June 24, 2020

Strange But True: UN BAZOOKA'D

Daily News front page, December 12, 1964
World politics landed at Tudor City's doorstep with the opening of the United Nations in 1952, and decades of dignitaries, motorcades and dissenters followed. Today, a look at a notorious protest, one of the "wildest episodes in UN history" according to the New York Times.

The story begins on Friday, December 11, 1964, as Che Guevara, Cuban Minister of Industry, was denouncing US global aggression in an address at the UN General Assembly. It was the height of the Cold War, and Guevara's appearance had drawn angry crowds of Cuban exiles to the front of the building. 
At the same time, across the East River in a vacant lot in Long Island City, a bazooka [encircled above], loaded with a high-explosive shell and aimed at the UN, was fired as Guevara spoke.
The shell missed its target by 200 yards, landing in the East River, sending up a huge geyser of water and rattling the windows of the General Assembly. This didn't rattle Che Guevara, however, who continued his tirade.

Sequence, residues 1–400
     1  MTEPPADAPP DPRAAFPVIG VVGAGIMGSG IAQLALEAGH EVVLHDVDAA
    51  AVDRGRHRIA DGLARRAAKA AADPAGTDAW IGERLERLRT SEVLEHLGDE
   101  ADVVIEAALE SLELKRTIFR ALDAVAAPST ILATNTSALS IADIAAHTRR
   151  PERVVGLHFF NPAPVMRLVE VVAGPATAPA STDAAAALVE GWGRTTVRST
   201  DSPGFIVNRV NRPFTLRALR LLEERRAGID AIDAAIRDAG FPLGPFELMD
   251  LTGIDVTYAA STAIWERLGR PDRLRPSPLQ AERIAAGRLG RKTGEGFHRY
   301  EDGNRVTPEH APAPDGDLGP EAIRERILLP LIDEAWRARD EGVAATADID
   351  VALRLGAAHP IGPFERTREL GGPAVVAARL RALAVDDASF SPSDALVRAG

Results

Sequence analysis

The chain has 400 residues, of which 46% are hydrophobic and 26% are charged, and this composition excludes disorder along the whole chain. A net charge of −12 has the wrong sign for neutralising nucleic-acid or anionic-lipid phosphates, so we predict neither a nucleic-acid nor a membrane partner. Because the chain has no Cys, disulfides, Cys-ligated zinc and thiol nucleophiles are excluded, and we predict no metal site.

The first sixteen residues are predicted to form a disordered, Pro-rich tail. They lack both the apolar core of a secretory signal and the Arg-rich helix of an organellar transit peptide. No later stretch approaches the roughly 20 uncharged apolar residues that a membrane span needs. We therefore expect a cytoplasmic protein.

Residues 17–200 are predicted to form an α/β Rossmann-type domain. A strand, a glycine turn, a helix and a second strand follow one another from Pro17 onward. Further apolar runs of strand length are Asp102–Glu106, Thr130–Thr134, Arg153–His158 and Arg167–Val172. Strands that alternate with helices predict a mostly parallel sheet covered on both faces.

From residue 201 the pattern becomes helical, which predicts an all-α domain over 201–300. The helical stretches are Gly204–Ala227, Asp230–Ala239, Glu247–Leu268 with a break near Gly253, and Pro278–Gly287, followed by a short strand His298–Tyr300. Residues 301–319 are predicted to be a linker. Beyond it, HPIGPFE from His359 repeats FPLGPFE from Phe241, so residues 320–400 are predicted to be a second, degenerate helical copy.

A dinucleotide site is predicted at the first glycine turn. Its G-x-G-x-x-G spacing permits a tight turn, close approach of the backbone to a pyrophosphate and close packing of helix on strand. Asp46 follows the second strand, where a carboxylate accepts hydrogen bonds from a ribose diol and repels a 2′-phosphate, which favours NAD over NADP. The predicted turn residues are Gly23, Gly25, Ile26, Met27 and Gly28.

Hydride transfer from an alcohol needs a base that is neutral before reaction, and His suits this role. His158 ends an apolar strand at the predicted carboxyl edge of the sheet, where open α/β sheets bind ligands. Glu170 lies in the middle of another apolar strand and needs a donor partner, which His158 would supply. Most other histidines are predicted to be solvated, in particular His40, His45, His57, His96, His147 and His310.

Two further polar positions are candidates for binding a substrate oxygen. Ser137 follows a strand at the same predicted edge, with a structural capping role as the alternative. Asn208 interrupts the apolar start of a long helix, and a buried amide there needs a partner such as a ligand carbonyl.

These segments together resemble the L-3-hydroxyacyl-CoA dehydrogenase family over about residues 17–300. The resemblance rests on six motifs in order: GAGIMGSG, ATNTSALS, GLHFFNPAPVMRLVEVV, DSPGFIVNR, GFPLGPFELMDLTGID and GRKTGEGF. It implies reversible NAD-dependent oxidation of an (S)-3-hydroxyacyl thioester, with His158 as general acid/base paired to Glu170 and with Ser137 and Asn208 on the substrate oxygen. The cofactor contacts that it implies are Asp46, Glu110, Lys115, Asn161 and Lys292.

Afterward, when informed of the incident, he remarked it "has given the whole thing more flavor." 
Above, two editions of the Sunday Daily News with different headlines, but the same story: the rocket launcher had been traced to Cuba. This news proved to be false; it was later established that the bazooka was a German-made, World War II‒vintage weapon, purchased for $35 on Eighth Avenue. 

In the end, three anti-Castro Cuban exiles confessed to the failed attack, claiming their motive was a "misguided sense of patriotism" ‒ they never intended to hit the UN, merely to embarrass Guevara. Charges against them were eventually dropped on a technicality.

The bazooka left its mark on the UN: thereafter, the drapes in the General Assembly remained closed during sessions (to protect attendees from potential flying shards of glass). This custom was finally rescinded last year, and the drapes are now open, a nod to "transparency and openness" in the famed chamber.

1 comment:

  1. I was there that day. I was a junior high student on a field trip to the UN and was having lunch in the delegates dining room that was arranged by then CT Senator Dodd. The entire building shook from the shock wave. It was not bad enough to cause any panic and we were told what happened fairly quickly. I will always remember that day.